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You can call me Moondog

It is interesting for me, when looking at the creation of my online identity, that my "real world" identity becomes increasingly similar as time passes. I think when I first started posting in forums and chatting online I was very self concious about what I said and the impression of myself that I gave to others. In this sense I used the pseudonym Moondog because my aunt told me I looked like that character in the movie Gidget. This allowed me to represent myself in a physical sense but gave me the oppurtunity to create my own online identity. My personality is very outgoing and socialable and as time passed the image I created online of myself became more identical to the image I wanted to represent in reality. Now, as I post online or chat, I am completely comfortable with allowing others to see me as the person I am. My use of avatars does not directly corrolate with the online community but more towards game consoles. I enjoy creating characters or players that I think accuratel represent myself. However, I myself think that I choose character traits that maybe do not accurately represent how I perceive myself but how I want others to perceive me. The social implications of this are huge mainly as Turkle raises to question on page 178, does this use of online personalities satisfy our humanistic needs to be seen, touched, and acknowledged?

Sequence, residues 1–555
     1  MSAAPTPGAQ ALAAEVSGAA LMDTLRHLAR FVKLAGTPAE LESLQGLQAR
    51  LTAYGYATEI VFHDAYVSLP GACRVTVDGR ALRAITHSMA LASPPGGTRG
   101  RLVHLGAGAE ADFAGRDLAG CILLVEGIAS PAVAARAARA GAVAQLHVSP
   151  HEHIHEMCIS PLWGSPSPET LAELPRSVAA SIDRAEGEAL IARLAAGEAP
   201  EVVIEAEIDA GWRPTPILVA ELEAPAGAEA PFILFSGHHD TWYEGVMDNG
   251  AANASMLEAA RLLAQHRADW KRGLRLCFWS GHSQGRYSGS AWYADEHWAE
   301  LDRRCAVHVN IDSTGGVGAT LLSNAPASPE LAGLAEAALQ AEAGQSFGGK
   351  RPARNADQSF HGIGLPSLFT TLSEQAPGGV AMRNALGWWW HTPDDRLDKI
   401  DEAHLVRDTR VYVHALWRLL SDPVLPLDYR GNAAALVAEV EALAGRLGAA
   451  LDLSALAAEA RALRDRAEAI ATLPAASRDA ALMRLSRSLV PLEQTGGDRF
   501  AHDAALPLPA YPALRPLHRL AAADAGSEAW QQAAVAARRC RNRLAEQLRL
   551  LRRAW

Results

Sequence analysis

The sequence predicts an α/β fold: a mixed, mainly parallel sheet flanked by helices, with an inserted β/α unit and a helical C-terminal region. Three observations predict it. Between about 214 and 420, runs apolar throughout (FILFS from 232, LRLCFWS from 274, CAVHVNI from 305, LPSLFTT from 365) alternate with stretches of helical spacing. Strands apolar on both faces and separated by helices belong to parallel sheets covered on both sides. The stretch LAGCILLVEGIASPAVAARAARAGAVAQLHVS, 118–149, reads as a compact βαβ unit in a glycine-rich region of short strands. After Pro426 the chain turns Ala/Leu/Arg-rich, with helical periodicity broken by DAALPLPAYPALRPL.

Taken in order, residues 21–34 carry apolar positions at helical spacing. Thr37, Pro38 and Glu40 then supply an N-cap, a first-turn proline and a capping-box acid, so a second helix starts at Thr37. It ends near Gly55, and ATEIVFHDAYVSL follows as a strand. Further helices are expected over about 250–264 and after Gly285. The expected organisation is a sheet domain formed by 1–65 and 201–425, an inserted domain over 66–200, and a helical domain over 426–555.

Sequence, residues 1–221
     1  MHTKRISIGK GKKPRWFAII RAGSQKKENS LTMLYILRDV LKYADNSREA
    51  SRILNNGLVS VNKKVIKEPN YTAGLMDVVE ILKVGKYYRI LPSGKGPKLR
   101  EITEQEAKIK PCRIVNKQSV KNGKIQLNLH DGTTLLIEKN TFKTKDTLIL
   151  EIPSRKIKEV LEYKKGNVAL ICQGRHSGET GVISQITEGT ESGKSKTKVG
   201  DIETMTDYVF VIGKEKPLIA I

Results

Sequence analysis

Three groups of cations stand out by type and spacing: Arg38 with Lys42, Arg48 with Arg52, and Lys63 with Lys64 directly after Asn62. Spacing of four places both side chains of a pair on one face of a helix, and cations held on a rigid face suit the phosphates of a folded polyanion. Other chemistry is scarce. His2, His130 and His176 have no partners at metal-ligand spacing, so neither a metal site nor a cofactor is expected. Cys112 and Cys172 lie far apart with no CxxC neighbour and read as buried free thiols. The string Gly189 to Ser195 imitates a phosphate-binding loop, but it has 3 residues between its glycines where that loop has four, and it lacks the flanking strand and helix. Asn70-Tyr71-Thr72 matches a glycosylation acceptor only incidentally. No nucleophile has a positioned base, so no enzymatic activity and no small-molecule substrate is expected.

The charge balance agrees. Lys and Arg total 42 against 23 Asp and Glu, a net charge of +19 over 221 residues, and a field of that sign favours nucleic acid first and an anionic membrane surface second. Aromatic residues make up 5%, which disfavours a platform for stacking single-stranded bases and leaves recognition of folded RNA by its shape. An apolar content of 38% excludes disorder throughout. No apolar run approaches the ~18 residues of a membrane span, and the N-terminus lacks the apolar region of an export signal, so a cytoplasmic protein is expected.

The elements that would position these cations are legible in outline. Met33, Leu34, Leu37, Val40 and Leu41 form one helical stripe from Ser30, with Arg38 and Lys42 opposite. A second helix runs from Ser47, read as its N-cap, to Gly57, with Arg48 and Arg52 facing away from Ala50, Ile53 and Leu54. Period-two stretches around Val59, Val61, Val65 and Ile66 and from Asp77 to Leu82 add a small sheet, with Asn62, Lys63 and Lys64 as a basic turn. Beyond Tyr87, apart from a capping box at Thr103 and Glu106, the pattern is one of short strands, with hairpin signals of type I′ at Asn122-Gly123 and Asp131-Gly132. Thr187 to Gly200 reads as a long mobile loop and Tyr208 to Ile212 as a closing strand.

As I looked through the SL website I was amazed at how many people are already participating in this online phenomenon. Irving Wladawsky- Berger states in the last paragraph of "It's not a game", that virtual worlds are currently at their developmental stages and the abilities we have now will be minor in comparison to what eventually might come out of this. This to me is very scary! It might be that I do not fully understand this online community, but the use of real dollars in a virtual world to buy virtual things seems rather frivolous and unuseful. I picture the game Sims where you are able to create the world you live in. The game is extremely intriguing and fun but it isn't reality, just as virtual clothes can not be worn or a virtual island with virtual water cannot be swam in.

Comments

Moondog:

I appreciated your connection from your online identity to your physical and social identity. This is a topic that Turkle discussed in his writings. Just how true of peoples online identity to discribing their trueselves? In your case, through time a pretty true description. Good job on your post.

Good post Moondog

I think you hit it on the head with your observation that people create their avatars as they perceive they are seen by others. It is tough because we never really see ourselves as others see us. I think any MUD or opportunity to create a "second life" allows people to fantasize and create their "perfect me".

Mike

I noticed what you said about how you present yourself online the way you want to be seen. It's interesting that in a way very unique to this point in history I would think we're able to create these idealized identities for ourselves while also being able to do a lot with them (meeting people and etc.). I think it will be interesting to find out if it becomes a bigger part of the psyche of people and changes their interactions with one another. I also agree with what you said about the frivolousness of paying for products for an avatar. I would definitely be weary of jumping into buyer land in Second Life.